The Los Angeles Post-Examiner newspaper featured an interview by Stephen Cooper with Jamaica’s dancehall legend King Yellowman in which he spoke of his life, musical career, and overcoming discrimination and other obstacles. The interview took place after the musician’s performance at the 8th annual Reggae on the Mountain festival in Topanga Canyon, California.
King Yellowman has personal experience with discrimination. He was born with albinism in 1956 and, rejected by his family as a baby, he was found in a trash heap at a Kingston supermarket. Raised in orphanages, he faced ridicule, abuse, and name-calling because of his color. However, he had musical talent and a strong will, and he overcame these early obstacles to become one of the world’s biggest dancehall stars.
King Yellowman’s career has been long and historic. He was the first dancehall artiste to sign an international recording contract, as well as the first to join with a rap musician, Run DMC, in a performance. His influence has been felt by many other musicians world wide, and although he has experienced many health challenges, he never considered quitting because he loves the music. “This is my purpose. I don’t do anything else but music,” he told the interviewer.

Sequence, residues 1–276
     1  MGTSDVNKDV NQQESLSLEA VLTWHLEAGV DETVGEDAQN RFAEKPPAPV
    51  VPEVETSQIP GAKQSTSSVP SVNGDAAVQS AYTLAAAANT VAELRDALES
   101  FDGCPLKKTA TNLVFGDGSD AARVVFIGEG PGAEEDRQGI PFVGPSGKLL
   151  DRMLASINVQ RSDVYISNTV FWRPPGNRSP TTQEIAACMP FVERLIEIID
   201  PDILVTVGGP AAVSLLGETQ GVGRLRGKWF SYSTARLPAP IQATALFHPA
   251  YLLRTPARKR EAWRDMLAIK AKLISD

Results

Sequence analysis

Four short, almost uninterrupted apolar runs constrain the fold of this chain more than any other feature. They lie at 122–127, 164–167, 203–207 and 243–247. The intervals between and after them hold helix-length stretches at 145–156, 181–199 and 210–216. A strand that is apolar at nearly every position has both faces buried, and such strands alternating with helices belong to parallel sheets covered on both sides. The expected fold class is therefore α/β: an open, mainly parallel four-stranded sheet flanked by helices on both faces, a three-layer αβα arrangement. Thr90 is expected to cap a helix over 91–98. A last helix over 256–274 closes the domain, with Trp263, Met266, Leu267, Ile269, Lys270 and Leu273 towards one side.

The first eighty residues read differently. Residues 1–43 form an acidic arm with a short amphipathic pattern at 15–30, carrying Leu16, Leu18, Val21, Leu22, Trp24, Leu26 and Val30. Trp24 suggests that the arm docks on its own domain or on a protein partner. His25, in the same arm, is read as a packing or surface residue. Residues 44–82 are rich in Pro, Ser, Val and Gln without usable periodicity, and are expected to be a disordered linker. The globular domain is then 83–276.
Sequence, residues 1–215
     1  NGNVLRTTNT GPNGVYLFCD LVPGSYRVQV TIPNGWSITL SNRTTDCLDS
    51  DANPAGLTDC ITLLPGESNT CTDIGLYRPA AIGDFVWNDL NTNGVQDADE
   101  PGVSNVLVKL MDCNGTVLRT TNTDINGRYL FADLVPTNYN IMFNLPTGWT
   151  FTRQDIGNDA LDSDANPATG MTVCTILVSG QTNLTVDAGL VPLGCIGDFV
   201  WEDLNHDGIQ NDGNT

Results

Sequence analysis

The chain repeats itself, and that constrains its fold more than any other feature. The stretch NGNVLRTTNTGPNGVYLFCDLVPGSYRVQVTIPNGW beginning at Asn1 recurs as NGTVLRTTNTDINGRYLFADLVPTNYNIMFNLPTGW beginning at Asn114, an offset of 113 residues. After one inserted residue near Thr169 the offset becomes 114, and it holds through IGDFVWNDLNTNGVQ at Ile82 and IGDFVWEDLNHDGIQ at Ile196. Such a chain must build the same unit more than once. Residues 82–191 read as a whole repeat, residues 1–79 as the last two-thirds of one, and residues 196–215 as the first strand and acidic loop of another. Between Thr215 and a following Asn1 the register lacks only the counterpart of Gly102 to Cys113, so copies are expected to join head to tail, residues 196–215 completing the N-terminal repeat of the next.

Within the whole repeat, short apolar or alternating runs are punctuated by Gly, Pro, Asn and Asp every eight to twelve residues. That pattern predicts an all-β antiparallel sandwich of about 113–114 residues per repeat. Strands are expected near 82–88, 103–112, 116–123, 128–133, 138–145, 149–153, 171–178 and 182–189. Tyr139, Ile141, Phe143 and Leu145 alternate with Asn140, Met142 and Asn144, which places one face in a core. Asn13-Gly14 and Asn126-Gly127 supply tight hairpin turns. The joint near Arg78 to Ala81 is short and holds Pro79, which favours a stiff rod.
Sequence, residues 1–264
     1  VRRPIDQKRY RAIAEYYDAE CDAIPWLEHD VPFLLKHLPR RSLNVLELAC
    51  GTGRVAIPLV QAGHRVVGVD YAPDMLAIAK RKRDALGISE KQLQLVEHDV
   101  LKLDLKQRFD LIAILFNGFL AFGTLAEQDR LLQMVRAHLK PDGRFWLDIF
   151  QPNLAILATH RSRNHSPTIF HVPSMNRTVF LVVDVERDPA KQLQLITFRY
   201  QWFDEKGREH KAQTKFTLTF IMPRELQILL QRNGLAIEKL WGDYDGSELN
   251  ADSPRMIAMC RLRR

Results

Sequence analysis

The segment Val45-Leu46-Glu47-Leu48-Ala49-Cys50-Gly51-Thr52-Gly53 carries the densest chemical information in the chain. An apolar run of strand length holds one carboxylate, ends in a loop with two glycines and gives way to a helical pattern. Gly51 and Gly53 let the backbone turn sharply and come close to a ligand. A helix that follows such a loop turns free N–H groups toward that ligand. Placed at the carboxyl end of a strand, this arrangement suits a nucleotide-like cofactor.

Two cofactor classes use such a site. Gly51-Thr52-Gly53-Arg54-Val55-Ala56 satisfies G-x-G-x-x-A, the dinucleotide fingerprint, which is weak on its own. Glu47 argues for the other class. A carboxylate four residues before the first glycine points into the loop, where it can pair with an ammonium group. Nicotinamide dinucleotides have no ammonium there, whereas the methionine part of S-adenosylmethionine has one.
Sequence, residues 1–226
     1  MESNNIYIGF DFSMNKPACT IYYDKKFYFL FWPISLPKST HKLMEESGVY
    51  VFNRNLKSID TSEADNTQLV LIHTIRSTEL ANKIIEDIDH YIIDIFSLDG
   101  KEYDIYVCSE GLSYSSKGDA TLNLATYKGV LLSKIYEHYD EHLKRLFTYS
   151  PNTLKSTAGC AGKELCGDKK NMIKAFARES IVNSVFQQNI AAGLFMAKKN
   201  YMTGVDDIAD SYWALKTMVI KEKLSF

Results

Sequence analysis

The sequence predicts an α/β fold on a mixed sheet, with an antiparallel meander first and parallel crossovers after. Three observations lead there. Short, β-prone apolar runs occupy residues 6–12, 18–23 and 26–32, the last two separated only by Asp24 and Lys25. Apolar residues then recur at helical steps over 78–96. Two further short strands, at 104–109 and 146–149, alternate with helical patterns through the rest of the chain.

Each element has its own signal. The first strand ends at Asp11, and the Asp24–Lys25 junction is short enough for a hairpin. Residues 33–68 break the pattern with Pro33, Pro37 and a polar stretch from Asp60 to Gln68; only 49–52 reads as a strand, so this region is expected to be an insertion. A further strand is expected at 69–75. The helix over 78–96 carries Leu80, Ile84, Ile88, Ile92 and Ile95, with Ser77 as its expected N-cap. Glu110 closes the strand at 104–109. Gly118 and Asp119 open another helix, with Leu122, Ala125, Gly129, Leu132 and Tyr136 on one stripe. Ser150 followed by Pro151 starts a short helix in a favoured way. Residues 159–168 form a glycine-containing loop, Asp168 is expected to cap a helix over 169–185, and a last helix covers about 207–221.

King Yellowman has seven children – he will be on tour in Japan with his daughter Kareema Foster in August 2017 – and has always been involved with their lives. He and his wife Rosie have stayed together, and he has lived a clean lifestyle, not smoking, not drinking alcohol, and not eating red meat. Away from his stage performances, the artiste lives a quiet family life, and the contrast between his stage and real-world persona has sometimes cost him to lose some endorsement and sponsorship opportunities. Misinterpretation of his “slackness” style has even caused some of his music to be banned from radio airplay.
King Yellowman has always spoken his mind about social issues and discrimination, and his music reflects how he has transformed hate and what he has suffered into art. In a 2013 interview, he criticized some dancehall lyrics, calling them the biggest problem facing the genre at the time. “What I mean about the lyrical content [is] the violence and the separation. They are getting in a lot of trouble with the law also.”
He has been particularly outspoken about discrimination against gay people in Jamaica and how the country suffers because of what this does to its image in the world. Portions of Jamaican society still view gayness as a sin, and the country’s legal system continues to criminalize homosexual acts. King Yellowman believes this is because many Jamaicans don’t know any people. He said, “They don’t know that gay people are normal people. They don’t know that gay people are nice people. Just like any other people. And [gay people] love reggae music. Yeah. And [gay people] love Jamaica. Yeah mon.”
Photo Credit: Instagram @_king_yellowman